Canadian researchers are looking at the effects of air pollution on horses suffering from Exercise-Induced Pulmonary Hemorrhage (EIPH).
It is estimated to affect between 44 to 85% of Thoroughbreds and up to 87% of Standardbreds worldwide. There is a concern in racing circles that EIPH can shorten a racehorse’s career and in rare worst-case scenarios cause sudden death from massive hemorrhage.
Dr Janet Beeler-Marfisim from the Ontario Veterinary College’s Department of Pathobiology and her collaborators plan to use data from air quality monitoring stations and weather stations near Woodbine and Woodbine Mohawk Park racetracks cross-referenced with endoscopic exams to determine if there are patterns between EIPH and horses exercising in areas of increased air pollution or in cooler temperatures.
The study was spurred by Dr Alison Moore, who had heard industry concern from racetrack veterinarians who felt there could be an association between environmental conditions and the occurrence of EIPH.
“It’s currently on people’s minds”, says Beeler. “This research is born out of the desire to provide optimal health for equine athletes and will involve trainers, owners and veterinarians working together to find answers to the question of environmental influence.”
Studies in horses are lacking when it comes to linking pulmonary hemorrhage to ambient air pollution (smog) but a relationship has been demonstrated between EIPH and cooler temperatures. Other unrelated studies have drawn a link between hazardous ozone conditions and slower race times. Airway inflammation has also been associated with exposure to air pollution.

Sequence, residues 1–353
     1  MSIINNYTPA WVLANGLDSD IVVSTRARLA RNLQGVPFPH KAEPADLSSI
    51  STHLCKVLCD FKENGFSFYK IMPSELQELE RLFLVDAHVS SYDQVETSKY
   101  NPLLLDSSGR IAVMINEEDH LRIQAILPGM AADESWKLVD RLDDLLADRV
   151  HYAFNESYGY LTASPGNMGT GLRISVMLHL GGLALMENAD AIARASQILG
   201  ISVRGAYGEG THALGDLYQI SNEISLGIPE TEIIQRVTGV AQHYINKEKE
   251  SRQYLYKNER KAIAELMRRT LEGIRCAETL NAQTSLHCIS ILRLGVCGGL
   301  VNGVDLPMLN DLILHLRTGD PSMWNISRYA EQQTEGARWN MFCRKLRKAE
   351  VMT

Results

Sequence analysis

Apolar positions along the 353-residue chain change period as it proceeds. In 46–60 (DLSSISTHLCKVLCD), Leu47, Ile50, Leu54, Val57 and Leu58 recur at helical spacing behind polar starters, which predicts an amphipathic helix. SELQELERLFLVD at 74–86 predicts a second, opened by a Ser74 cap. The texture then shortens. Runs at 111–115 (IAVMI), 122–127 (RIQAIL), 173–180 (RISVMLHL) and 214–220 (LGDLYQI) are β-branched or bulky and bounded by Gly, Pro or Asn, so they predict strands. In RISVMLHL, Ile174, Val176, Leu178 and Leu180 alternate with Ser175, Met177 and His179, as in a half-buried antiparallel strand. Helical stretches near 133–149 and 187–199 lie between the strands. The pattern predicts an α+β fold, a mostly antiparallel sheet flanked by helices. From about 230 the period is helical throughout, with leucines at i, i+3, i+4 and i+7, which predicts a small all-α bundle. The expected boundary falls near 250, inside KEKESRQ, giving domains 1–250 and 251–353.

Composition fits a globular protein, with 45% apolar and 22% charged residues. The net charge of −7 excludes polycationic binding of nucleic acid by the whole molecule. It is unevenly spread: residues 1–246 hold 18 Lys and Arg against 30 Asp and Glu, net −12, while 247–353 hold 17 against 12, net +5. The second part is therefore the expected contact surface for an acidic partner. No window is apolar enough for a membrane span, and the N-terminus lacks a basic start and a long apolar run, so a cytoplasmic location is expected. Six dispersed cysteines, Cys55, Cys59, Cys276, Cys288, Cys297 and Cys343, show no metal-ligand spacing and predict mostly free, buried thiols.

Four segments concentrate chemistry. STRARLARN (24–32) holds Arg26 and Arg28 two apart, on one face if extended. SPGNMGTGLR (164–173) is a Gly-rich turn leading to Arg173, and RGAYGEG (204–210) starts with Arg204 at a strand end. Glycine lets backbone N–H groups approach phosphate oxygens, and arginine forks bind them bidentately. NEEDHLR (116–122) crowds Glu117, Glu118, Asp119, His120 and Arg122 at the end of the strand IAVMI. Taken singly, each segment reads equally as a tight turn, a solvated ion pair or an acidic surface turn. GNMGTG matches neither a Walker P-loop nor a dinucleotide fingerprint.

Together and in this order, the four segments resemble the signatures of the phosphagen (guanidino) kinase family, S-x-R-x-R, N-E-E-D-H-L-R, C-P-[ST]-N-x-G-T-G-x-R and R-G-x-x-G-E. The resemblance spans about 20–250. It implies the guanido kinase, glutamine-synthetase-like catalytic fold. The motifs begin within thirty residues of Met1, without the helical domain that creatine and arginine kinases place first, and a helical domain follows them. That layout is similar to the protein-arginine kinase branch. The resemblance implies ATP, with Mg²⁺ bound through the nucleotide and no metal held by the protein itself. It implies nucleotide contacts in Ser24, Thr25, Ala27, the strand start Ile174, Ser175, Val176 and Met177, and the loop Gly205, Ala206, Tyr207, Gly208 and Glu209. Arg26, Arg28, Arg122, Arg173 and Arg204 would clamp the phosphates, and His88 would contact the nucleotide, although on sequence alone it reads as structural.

Beeler expects that smog and racing during cool or cold months will have the highest likelihood of a statistically significant association with EIPH and decreased racing performance; basing this hypothesis on literature from endoscopically diagnosed EIPH in Ontario Thoroughbreds and Standardbreds.
With more than 9000 horses in the two track locations scoped per year, the two-year study will draw data from samples from track veterinarians when the horse owner has agreed to share the information. Owner and horse information will remain anonymous in the research paper. The veterinarians will be working from a standardized form to record endoscopic exam results.
Just as humans can modify their exercise based on a quick glance at weather reports; if the findings of this study confirm links to EIPH and smog in horses, trainers and veterinarians can work to lessen the effects on the horse. Some management changes may include altering training times or intensity on days with high smog or colder temperatures or adjusting post times. Ultimately, further research on a link between EIPH and air pollution could reveal more information about the development of EIPH and reduce reliance on medications such as furosemide.
This project is possible due to a grant from Equine Guelph, supported by Ontario Racing. It will be important to trainers and veterinarians in the racing industry; especially to those with racetracks in close proximity to highways and airports.